Each year, approximately 9.9% of infants in the United States are born prematurely at less than 37 weeks of gestation with unidentified causes. From 2014 to 2016, the total preterm birth rate rose 3%, and late preterm birth rates rose almost 4%. One source of preterm labor that has been examined in recent years is its potential correlation with meteorological phenomena, including barometric pressure, temperature, and precipitation. In September of 2019, birth data recording 322 deliveries from two South Carolina hospitals was collected along with weather data on the given dates. The changes in temperature, barometric pressure, and precipitation for the day of each birth were calculated and paired with each individual. Simple linear regression analyses were used to determine the coefficient of correlation and statistical significance of individual factors. To examine the impact of multiple factors on preterm labor, multiple linear regression analyses were conducted. The individual simple regression tests revealed no statistically significant correlations between the number of weeks early that labor occurred and changes in pressure, temperature, or precipitation. One multiple regression test revealed a p-value of 0.064, indicating that the relationship between the number of weeks early and the combination of changes in pressure and precipitation was statistically significant at a 90% confidence level.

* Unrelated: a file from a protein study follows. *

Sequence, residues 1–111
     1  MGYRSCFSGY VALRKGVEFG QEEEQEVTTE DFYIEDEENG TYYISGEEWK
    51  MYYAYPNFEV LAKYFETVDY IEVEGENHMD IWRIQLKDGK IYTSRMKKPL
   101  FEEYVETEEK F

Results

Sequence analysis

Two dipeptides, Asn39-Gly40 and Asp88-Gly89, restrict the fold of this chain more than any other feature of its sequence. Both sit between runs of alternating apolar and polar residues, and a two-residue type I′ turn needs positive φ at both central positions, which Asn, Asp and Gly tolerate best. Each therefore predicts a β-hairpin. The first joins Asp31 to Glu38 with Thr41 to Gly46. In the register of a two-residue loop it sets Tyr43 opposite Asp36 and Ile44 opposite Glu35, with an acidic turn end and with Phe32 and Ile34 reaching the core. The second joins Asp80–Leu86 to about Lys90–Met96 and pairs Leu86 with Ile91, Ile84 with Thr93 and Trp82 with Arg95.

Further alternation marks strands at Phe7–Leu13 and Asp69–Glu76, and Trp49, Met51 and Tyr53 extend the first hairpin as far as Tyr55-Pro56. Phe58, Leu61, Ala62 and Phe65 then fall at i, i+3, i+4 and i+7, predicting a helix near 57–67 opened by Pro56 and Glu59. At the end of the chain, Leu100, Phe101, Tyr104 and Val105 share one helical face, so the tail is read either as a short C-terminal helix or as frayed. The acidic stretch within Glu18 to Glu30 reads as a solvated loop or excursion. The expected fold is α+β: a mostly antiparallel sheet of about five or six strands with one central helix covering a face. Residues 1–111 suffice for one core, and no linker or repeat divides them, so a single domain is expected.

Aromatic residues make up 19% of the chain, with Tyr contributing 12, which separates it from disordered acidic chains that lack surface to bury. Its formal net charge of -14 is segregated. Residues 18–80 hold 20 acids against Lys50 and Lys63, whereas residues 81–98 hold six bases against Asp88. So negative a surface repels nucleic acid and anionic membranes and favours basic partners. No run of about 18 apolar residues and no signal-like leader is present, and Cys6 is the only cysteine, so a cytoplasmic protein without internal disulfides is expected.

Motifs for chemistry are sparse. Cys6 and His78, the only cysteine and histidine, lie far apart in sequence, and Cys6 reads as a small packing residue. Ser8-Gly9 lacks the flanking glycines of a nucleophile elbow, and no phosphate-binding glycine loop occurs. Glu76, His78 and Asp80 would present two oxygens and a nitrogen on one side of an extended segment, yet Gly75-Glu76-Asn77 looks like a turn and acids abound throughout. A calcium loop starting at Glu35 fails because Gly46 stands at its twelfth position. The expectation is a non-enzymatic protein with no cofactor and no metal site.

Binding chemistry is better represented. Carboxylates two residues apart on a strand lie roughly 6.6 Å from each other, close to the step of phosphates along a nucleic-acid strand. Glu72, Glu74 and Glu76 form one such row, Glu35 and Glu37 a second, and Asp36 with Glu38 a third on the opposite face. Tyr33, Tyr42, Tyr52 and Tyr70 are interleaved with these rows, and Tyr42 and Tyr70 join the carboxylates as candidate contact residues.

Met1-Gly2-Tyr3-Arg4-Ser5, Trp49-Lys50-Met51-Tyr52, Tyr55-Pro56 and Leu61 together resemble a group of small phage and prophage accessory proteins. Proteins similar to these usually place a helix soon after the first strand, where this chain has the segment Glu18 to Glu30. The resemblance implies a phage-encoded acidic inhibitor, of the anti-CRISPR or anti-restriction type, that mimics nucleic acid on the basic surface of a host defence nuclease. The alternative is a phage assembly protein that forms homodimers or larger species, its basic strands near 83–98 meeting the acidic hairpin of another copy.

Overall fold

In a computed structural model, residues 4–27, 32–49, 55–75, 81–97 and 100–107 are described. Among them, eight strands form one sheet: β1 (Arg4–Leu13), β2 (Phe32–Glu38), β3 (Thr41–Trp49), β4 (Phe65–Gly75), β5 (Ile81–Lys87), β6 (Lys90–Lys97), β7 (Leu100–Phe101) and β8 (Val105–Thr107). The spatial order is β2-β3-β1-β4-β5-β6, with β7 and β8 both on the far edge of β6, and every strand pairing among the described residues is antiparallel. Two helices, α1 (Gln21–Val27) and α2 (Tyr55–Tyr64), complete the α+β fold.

Fletcher, Allison K.
"The Effect of Barometric Pressure, Temperature, and Precipitation on Preterm Labor in Expecting Women in South Carolina,"
Journal of the South Carolina Academy of Science: Vol. 19:
1, Article 6.
Available at: https://scholarcommons.sc.edu/jscas/vol19/iss1/6